On a trip to Guatemala you will discover a culture that reflects strong Mayan and Spanish influences, and that continues to be defined as a contrast between poor Mayan villagers in the rural highlands, and the urbanized and relatively wealthy mestizos population (known in Guatemala as ladinos) who occupy the cities and surrounding agricultural plains.
With the arrival of the Spanish conquistadores, power was transferred to the foreigners, and their mixed-race descendants, the ladino, became the new powerful families of Guatemala. Unlike in much of the rest of the New World, however, the Europeans did not completely marginalize or supplant the indigenous people, but rather formed an uneasy alliance. While Spanish became the official language mandated in schools, various Mayan languages never died out, and are still widely-spoken throughout the highlands today.
The music of Guatemala comprises several styles and expressions. The Maya had an intense musical practice. Guatemala was also one of the first regions in the New World to be introduced to European music, beginning in 1524. Many composers from the Renaissance, baroque, classical, romantic, and contemporary music styles have contributed works of all genres, of very high quality. The marimba is Guatemala’s national instrument. The marimba is made of keys or bars (usually made of wood) that produce musical tones when struck with mallets. The keys are arranged as those of a piano, with the accidentals raised vertically and overlapping the natural keys to aid the performer both visually and physically.
Although Spanish is the official language, it is not universally spoken among the indigenous population, nor is it often spoken as a second language. During a Guatemala trip you may hear up to twenty-one distinct Mayan languages are spoken, especially in rural areas. In addition, there are several non-Mayan Amerindian languages, such as the indigenous Xinca, and Garifuna, an Arawakan language spoken on the Caribbean coast.
The Maya peoples are known for their brightly colored yarn-based textiles, which are woven into capes, shirts, blouses, and dresses. Each village has its own distinctive pattern, making it possible to distinguish a person's hometown on sight. Women's clothing consists of a shirt (camisa) and a long skirt (falda).
Roman Catholicism combined with the indigenous Maya religion to form the unique syncretic religion that prevailed throughout the country and continues to do so in the rural regions. The unique religion is reflected in the local saint, Maximón, who is associated with the subterranean force of masculine fertility and prostitution. Always depicted in black, he wears a black hat and sits on a chair, often with a cigar placed in his mouth and a gun in his hand, with offerings of tobacco, alcohol, and Coca-cola at his feet. The locals know him as San Simon of Guatemala. Beginning from negligible roots prior to 1960, however, Protestant Pentecostalism has grown to become the predominant religion of Guatemala City and other urban centers and down to mid-sized towns.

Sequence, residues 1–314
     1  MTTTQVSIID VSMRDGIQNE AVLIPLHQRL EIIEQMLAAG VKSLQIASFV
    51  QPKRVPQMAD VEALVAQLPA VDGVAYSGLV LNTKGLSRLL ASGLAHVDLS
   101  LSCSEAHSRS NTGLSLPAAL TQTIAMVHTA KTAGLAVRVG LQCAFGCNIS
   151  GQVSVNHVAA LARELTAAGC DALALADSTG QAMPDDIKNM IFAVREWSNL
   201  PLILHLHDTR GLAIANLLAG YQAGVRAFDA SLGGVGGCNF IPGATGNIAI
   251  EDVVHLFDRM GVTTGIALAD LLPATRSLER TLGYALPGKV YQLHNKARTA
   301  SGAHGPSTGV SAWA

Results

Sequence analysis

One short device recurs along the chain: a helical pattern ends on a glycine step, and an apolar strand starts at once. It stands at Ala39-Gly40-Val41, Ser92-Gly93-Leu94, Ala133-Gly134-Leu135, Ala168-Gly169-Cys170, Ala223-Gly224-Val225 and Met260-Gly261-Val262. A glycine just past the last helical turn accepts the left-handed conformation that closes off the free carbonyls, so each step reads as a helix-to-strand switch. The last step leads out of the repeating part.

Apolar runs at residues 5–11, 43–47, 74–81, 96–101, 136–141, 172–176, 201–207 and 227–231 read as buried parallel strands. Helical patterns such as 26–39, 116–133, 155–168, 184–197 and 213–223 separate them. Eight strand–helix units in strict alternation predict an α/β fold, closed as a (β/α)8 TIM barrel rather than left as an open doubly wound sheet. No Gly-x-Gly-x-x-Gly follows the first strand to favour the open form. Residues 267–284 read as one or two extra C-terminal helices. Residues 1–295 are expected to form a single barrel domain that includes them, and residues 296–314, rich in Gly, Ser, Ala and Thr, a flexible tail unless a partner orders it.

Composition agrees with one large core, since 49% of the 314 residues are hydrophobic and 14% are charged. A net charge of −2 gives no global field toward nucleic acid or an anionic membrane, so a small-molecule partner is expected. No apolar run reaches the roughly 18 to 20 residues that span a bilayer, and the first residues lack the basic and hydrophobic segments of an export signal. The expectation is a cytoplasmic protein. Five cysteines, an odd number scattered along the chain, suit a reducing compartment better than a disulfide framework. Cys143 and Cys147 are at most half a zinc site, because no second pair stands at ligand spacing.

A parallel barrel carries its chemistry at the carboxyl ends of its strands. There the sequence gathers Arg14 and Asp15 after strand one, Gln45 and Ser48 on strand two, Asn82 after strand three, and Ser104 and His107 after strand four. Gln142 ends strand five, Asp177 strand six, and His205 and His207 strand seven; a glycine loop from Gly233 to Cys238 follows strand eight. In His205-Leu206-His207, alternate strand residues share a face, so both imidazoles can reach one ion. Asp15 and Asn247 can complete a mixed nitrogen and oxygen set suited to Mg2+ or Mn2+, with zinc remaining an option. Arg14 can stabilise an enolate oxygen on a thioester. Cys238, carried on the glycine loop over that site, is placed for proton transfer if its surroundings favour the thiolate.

1960 was also the approximate start of the long and brutal Civil War, which pitted the wealthier urban ladinos against the poorer rural Mayans. Both sides engaged in death squad tactics, although by all counts the losses were far greater on the villagers’ side as the ladinos controlled the government and the military. The government hit squads were aided by the traditional practice of Mayan villagers wearing distinctive fabrics identifying their home village, allowing the government soldiers to kill suspected anti-government villagers on sight.
The civil war forced moderates and the middle class to either take sides or flee the country, further polarizing the country.
After 36 years of war and approximately 100,000 deaths, a peace agreement was brokered in 1996 and the country has been gradually healing since that time. Understandably, great animosity still exists between rich and poor, Maya and ladino, although they all identify themselves as Guatemalan.
Guatemala City is home to many of the nation’s libraries and museums, including the National Archives, the National Library, and the Museum of Archeology and Ethnology, which has an extensive collection of Maya artifacts. There are private museums, such as the Ixchel, which focuses on textiles, and the Popol Vuh, which focuses on Mayan archeology. Both museums are housed inside the Universidad Francisco Marroquín campus.
The Guatemala National Prize in Literature is a one-time only award that recognizes an individual writer's body of work. It has been given annually since 1988 by the Ministry of Culture and Sports. Miguel Angel Asturias, won the Literature Nobel Prize in 1967. Among his most famous books is "El Señor Presidente", a novel based on the government of Manuel Estrada Cabrera.